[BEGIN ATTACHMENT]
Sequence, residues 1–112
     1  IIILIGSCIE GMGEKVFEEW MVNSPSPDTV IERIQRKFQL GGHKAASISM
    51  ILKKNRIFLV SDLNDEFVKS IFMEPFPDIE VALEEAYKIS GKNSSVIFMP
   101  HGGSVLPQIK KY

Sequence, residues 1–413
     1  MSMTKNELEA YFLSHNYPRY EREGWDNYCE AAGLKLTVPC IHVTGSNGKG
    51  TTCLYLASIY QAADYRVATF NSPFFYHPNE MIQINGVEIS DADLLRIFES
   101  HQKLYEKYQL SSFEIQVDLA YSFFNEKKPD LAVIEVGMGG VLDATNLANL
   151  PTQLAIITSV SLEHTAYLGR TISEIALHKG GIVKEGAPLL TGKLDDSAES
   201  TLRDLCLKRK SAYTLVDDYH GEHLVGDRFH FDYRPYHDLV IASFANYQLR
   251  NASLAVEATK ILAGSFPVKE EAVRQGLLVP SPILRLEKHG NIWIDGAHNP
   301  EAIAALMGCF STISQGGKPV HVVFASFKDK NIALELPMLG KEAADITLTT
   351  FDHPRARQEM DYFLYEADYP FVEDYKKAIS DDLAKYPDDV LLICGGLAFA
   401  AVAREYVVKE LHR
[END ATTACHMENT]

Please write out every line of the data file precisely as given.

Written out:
Sequence, residues 1–112
     1  IIILIGSCIE GMGEKVFEEW MVNSPSPDTV IERIQRKFQL GGHKAASISM
    51  ILKKNRIFLV SDLNDEFVKS IFMEPFPDIE VALEEAYKIS GKNSSVIFMP
   101  HGGSVLPQIK KY

Sequence, residues 1–413
     1  MSMTKNELEA YFLSHNYPRY EREGWDNYCE AAGLKLTVPC IHVTGSNGKG
    51  TTCLYLASIY QAADYRVATF NSPFFYHPNE MIQINGVEIS DADLLRIFES
   101  HQKLYEKYQL SSFEIQVDLA YSFFNEKKPD LAVIEVGMGG VLDATNLANL
   151  PTQLAIITSV SLEHTAYLGR TISEIALHKG GIVKEGAPLL TGKLDDSAES
   201  TLRDLCLKRK SAYTLVDDYH GEHLVGDRFH FDYRPYHDLV IASFANYQLR
   251  NASLAVEATK ILAGSFPVKE EAVRQGLLVP SPILRLEKHG NIWIDGAHNP
   301  EAIAALMGCF STISQGGKPV HVVFASFKDK NIALELPMLG KEAADITLTT
   351  FDHPRARQEM DYFLYEADYP FVEDYKKAIS DDLAKYPDDV LLICGGLAFA
   401  AVAREYVVKE LHR